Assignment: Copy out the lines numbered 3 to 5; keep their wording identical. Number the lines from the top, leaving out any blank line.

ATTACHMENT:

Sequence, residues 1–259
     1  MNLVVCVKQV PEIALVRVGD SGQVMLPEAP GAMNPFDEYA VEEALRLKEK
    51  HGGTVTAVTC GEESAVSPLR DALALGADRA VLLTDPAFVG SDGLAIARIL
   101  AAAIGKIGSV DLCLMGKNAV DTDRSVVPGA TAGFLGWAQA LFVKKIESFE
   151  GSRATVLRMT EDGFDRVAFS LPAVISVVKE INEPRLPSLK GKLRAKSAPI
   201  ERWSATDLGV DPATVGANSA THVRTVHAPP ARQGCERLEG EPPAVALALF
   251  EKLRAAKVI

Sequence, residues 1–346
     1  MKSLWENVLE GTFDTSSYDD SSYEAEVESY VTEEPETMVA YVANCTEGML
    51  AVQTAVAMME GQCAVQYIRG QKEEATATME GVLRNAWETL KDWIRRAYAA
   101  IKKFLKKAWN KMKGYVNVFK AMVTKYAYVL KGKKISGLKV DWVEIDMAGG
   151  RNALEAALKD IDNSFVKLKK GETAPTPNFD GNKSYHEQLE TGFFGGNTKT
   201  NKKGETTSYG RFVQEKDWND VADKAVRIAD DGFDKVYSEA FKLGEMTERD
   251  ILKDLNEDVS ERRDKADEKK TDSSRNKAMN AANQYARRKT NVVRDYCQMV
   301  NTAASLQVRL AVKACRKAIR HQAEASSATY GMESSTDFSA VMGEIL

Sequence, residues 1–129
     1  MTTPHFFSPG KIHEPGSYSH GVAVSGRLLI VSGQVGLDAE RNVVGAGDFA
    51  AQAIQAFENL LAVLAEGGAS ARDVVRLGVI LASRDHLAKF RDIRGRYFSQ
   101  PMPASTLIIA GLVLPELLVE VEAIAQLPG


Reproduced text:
    51  HGGTVTAVTC GEESAVSPLR DALALGADRA VLLTDPAFVG SDGLAIARIL
   101  AAAIGKIGSV DLCLMGKNAV DTDRSVVPGA TAGFLGWAQA LFVKKIESFE
   151  GSRATVLRMT EDGFDRVAFS LPAVISVVKE INEPRLPSLK GKLRAKSAPI